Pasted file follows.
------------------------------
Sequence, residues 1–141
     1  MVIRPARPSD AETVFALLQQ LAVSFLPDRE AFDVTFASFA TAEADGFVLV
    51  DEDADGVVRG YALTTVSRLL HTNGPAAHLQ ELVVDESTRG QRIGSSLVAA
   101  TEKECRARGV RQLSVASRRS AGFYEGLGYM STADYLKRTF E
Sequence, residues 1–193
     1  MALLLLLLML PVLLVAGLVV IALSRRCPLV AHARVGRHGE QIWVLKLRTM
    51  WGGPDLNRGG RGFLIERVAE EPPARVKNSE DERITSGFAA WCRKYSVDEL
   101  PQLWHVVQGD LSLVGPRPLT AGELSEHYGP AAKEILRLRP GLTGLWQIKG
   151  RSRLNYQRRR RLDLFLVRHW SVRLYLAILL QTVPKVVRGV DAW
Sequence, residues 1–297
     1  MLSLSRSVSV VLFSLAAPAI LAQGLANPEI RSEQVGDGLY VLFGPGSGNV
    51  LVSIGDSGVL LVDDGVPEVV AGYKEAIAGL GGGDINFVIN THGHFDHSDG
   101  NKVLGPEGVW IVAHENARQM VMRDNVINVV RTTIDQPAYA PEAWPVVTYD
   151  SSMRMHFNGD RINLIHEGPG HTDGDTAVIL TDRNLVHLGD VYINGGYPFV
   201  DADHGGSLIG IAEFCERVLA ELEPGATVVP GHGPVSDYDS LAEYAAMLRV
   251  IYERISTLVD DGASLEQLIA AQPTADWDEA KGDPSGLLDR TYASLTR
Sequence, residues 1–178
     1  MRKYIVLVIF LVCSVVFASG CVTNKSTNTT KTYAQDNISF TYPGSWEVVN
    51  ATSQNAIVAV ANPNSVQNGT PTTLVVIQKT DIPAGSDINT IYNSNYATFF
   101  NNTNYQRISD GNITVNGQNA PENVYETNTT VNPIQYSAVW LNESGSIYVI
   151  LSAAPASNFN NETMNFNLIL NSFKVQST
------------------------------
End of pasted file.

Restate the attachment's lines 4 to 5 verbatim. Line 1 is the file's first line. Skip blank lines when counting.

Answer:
   101  TEKECRARGV RQLSVASRRS AGFYEGLGYM STADYLKRTF E
Sequence, residues 1–193